Primary Care Corporate Takeover a Challenge for Single Payer
The large-scale corporate appropriation of primary care reflects and enables the profiteering that now dominates US health care. The doctor-patient relationship suffers. Single payer financing may falter if corporations own the vast majority of providers. What are our reform options?
May 9, 2023
Corporate Giants Buy Up Primary Care Practices at Rapid Pace
The New York Times
May 8, 2023
By Reed Abelson
Why are multibillion-dollar corporations, particularly giant health insurers, gobbling up primary care practices?
The appeal is simple: Despite their lowly status, primary care doctors oversee vast numbers of patients, who bring business and profits to a hospital system, a health insurer or a pharmacy outfit eyeing expansion.
And there’s an added lure: The growing privatization of Medicare means that more than half its 60 million beneficiaries have signed up for policies with private insurers under the Medicare Advantage program. The federal government is now paying those insurers $400 billion a year.
The absorption of doctor practices is part of a vast, accelerating consolidation of medical care, leaving patients in the hands of a shrinking number of giant companies or hospital groups. Nearly seven of 10 of all doctors are either employed by a hospital or a corporation. Experts warn these major acquisitions threaten the personal nature of the doctor-patient relationship, especially if the parent company has the authority to dictate limits on services from the first office visit to extended hospital stays. [The article provides examples of how corporate control of primary care leads to abusive practices to increase revenue.]
“We’re dealing with incredible levels of burnout within the profession,” said Dr.Max Cohen, who practices near Portland, Ore.
Comment by: Don McCanne & Jim Kahn
There is not much new here in this report of the corporate takeover of our health care system except maybe for the rapidity and boundlessness with which it is taking place.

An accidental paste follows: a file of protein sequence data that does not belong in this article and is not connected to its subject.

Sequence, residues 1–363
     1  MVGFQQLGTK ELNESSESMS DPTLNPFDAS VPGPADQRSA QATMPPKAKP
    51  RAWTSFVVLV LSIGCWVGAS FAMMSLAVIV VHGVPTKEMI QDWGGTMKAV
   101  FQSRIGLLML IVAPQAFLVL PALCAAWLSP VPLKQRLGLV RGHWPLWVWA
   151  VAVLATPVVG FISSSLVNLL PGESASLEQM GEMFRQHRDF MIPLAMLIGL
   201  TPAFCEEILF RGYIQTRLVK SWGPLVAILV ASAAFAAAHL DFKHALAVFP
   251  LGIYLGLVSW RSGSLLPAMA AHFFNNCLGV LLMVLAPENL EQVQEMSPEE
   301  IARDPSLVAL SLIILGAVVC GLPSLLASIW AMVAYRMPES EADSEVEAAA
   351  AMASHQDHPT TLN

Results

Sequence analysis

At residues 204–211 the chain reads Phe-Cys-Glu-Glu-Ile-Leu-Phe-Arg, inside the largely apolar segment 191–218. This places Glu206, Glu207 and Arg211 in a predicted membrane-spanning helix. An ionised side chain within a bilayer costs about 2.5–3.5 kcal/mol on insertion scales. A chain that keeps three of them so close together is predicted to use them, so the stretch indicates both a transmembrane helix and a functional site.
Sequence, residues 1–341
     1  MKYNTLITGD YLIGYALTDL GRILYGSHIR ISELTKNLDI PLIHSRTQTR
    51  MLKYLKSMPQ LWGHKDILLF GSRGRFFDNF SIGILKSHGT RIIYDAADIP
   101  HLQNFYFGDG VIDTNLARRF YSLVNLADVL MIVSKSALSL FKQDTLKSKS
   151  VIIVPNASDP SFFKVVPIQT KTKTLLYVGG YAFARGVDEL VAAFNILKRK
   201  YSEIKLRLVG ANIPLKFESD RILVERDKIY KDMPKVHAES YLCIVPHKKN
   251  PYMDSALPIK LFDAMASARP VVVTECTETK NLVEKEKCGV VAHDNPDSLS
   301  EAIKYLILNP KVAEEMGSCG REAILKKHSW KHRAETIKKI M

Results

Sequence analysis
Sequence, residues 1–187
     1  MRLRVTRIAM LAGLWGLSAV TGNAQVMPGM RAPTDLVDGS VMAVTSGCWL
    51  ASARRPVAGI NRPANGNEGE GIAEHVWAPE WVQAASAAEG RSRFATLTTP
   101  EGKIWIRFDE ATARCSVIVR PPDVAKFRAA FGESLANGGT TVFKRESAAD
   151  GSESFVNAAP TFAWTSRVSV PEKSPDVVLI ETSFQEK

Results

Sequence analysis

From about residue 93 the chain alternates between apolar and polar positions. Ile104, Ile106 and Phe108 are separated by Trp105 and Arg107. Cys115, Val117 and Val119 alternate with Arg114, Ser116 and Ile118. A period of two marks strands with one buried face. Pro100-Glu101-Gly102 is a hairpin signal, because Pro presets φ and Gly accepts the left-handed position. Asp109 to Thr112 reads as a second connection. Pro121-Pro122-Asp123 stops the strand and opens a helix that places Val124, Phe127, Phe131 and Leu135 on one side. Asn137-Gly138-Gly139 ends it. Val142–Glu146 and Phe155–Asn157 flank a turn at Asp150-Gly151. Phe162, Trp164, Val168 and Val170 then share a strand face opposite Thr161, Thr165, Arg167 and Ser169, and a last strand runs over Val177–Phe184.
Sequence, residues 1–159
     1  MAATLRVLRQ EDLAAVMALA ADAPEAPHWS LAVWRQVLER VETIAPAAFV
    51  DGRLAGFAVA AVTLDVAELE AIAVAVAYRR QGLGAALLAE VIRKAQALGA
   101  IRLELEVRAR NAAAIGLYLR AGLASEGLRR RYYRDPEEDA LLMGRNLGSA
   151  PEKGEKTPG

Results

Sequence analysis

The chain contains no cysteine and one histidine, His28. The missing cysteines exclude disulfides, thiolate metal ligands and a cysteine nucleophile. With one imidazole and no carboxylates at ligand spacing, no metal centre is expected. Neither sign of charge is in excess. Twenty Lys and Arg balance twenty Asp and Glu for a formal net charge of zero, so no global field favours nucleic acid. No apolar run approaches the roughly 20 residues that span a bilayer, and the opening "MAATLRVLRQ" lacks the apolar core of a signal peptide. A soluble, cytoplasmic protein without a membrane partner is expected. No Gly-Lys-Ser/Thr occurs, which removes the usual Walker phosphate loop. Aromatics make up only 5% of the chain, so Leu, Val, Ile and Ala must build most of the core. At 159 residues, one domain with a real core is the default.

Recently single payer financing gained in popularity as people recognized how it could transform our defective insurance system to bring truly affordable, accessible, equitable care with free choices for all. But with corporations now controlling medical delivery including linchpin primary care providers, care has become less affordable and thus less accessible for many, certainly less equitable, and our choices are limited to the dictates of the corporate entity.
The complexity that this has produced was explained by Steffie Woolhandler and David Himmelstein, the founders of Physicians for a National Health Program, in a recent Jacobin interview and HJM post. Just a few years back, all we needed was a public financing program that displaced private ownership of health insurers (single payer).
But now with Wall Street’s takeover of the health care delivery system, reform of ownership of provider resources is needed. Community rather than corporate control of care seems to be what we need, but imagine the hurdle in transferring ownership of our entire health care system from the titans of Wall Street to the inhabitants of Main Street. Difficult times lie ahead, but what can we do? One thing for sure, we cannot leave control of our health care in the hands of the billionaires.
Are there any ideas out there that would actually work, short of socialized medicine (which, of course, would)? We’re contemplating this, and welcome ideas email@example.com.